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It's 2019, and the digital world still has a major problem. People with disabilities are not catered to as they should be. Scope, a charity in the UK, wants to remedy that with their campaign called The Big Hack. With the tech industry's help, they want to give disable people a voice for change.

Disabled online
© iQoncept / Shutterstock.com

Sight Reading

One example is light sensitivity. According to ecommercenews.eu, if someone's eyes are very light-sensitive, it could help to invert the screen on a device. However, when online shops use unclear contrasting colours, it can be nearly impossible to read. If an app doesn't allow the text on the screen to be enlarged, many users will not be able to shop properly online.

Spending Power In The Billions

It's not only a question of helping people. Disabled people make up a very large consumer segment. According to Scope's analysis, the aggregate value of disabled people's spending power is nearly €320 billion. That creates a win-win situation, and online retailers would be clever to create a world in which there is more equality and, therefore, more spending power.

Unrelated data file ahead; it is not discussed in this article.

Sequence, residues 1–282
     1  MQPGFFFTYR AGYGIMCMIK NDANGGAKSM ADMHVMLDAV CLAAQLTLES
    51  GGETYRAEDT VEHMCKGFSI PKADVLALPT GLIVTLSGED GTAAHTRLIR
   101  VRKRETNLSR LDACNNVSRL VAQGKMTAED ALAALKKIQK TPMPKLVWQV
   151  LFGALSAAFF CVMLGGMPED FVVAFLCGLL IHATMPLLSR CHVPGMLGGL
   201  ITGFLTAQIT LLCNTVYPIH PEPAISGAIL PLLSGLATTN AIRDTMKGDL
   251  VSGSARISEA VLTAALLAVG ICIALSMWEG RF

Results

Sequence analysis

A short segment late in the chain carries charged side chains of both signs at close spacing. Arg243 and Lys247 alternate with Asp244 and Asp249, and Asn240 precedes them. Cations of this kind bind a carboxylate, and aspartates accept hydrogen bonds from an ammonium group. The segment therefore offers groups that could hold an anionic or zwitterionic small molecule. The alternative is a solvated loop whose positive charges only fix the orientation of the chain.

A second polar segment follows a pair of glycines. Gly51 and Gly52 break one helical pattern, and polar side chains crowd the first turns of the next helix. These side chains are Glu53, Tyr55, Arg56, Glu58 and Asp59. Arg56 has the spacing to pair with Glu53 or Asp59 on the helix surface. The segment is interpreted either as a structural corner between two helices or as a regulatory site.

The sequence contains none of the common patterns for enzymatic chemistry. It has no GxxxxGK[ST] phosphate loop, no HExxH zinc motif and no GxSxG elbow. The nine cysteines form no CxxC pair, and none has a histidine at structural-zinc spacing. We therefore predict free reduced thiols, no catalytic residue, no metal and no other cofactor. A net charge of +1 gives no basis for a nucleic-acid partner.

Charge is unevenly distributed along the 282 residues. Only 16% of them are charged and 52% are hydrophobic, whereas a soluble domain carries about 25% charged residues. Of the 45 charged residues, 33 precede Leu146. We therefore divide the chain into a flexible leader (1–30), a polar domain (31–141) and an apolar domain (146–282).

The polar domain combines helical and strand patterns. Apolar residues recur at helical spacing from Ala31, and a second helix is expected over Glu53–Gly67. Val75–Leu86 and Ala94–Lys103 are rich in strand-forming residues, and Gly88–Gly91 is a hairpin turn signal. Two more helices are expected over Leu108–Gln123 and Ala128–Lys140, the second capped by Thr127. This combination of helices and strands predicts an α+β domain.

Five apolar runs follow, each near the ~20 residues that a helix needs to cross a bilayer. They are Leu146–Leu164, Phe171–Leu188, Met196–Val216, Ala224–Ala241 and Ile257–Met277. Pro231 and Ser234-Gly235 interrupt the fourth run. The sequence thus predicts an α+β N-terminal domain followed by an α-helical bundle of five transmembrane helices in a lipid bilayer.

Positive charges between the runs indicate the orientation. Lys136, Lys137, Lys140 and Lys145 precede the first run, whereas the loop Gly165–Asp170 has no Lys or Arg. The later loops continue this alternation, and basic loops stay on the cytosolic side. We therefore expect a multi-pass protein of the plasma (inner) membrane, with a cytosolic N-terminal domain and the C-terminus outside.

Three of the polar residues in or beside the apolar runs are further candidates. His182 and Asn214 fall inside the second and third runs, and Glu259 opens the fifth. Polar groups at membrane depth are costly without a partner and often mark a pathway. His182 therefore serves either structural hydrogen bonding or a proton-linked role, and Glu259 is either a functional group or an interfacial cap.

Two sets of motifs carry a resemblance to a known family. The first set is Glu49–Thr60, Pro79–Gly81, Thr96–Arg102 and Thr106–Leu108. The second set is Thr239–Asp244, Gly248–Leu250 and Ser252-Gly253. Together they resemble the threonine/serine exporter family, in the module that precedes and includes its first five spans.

5 Things To Do

Scope has also put together a list of 5 things online retailers can do to make their websites and apps easier to use:

  • include captions with video
  • ensure displays feature color-contrasting text and backgrounds
  • have descriptions written in plain language
  • avoid cluttered layouts
  • make buttons descriptive and big

In addition, James Moore, a columnist and wheelchair user who works at The Independent says more people with disabilities need to work in the retail sector. He says it would "naturally result in more consideration being given to our needs. I’d imagine [companies don’t have websites adapted for disabled people] because designers, and their managers, simply don’t register issues like those Scope raises. And that’s because they don’t encounter people whose disabilities make online shopping difficult for them.”